Right, except there’s rarely ever an appeals process. Or a stage to grandstand and pretend everyone forgot everything else about you.

ML said:

Not sure about that. I’ve bought hookers and blow for PR clients before, and it all worked out exactly as planned. Sometimes better.

Inverse proportionality sometimes applies. You’ll never know unless you try.

Oklahoma Mountaineer said:

Mike, do either of these guys sign with their drafting clubs??? I can’t think the money is great for bonus or salary, but they would be one year further into their careers…….interested on your and others opinion.

Let me update this: WVU players Kyle Davis and Jackson Cramer were drafted, as were recruits Will Reed and Christian Young, who I did not include in an early version of yesterday’s post because he wasn’t listed in the draft tracker Wednesday and the school’s website didn’t post a story until Thursday. Cramer is a senior, so he’ll almost certainly sign. The only thing that would keep him from signing is an injury, a decision to give up baseball or a ridiculous dispute. Unanticipated things. Will Reed will almost certainly sign, because he’s signed with WVU and will not enroll. We’re now left with Davis and Young. Davis is a 15th-round pick. That’s pretty good. But realistically, the most he can sign for is $100,000. Teams have an individualized amount of money to sign draft picks. Anyone signed in the 11th round or later for no more than $100,000 doesn’t count toward that amount. The Astros had 11 picks in the first 10 rounds — five in the top 100 picks — and a little more than $9 million to use. They’re going to devote their pool to those players. If Davis is interested in money, he can come back to school and hope he’s picked in the top 10 rounds next season. Young’s an interesting case. He was a 21st-round pick, and he, too, is quite likely limited to $100,000, but Young was also drafted last year in the 23rd round and opted for college. A very, very good season at a level he dominated bumped him up two rounds and probably didn’t make him much if any extra money. Does he want to say no to the draft again and move to a much better level of college baseball? Risk v. reward here.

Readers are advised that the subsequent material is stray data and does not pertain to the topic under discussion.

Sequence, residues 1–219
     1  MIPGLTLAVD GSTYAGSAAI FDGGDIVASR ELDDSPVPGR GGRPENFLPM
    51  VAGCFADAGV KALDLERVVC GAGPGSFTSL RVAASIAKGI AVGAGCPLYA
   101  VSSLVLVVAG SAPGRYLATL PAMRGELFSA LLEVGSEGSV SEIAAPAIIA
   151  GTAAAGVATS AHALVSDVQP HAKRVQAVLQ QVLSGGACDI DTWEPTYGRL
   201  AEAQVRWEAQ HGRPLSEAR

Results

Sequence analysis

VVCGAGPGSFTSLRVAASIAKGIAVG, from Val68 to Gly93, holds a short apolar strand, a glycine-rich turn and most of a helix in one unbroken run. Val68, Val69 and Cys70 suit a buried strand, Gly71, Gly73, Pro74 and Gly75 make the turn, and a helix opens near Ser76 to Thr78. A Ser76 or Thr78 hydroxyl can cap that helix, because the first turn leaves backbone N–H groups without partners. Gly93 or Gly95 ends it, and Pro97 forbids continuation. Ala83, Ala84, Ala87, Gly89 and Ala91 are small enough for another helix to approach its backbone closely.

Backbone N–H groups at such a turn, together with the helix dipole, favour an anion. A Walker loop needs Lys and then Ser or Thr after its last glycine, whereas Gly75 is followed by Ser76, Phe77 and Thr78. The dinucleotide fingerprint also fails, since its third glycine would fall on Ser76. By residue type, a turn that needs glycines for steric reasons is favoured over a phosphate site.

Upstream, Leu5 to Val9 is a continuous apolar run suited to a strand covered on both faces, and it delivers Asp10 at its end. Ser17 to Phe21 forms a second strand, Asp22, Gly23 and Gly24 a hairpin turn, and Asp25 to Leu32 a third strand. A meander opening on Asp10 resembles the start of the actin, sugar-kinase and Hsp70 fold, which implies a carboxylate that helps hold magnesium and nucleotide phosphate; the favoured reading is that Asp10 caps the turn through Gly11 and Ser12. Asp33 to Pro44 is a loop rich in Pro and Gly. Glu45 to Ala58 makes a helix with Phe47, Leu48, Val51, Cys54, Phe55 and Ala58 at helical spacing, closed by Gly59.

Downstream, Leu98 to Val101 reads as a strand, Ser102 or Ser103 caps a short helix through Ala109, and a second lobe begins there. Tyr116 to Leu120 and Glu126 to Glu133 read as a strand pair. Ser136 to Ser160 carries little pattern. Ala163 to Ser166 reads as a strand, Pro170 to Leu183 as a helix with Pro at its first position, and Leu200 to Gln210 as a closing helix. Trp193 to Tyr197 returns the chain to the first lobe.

Mack said:

My friend who follows this stuff more than I do told me that juniors get better signing bonuses (like $75-100k) than seniors because they have the option of going back to school. The salary is garbage (literally like $12k) so the signing bonus is all you really get. I’d think you go ahead and “go pro” if that’s the goal because you can probably finish your degree while playing in the minor leagues anyway. Of course, every athlete I ever hear of at WVU finishes their degree in two years so that’s probably already done.

If it’s simply a matter of “which prepares you better” then I really don’t see why anyone would play college baseball over the minor leagues.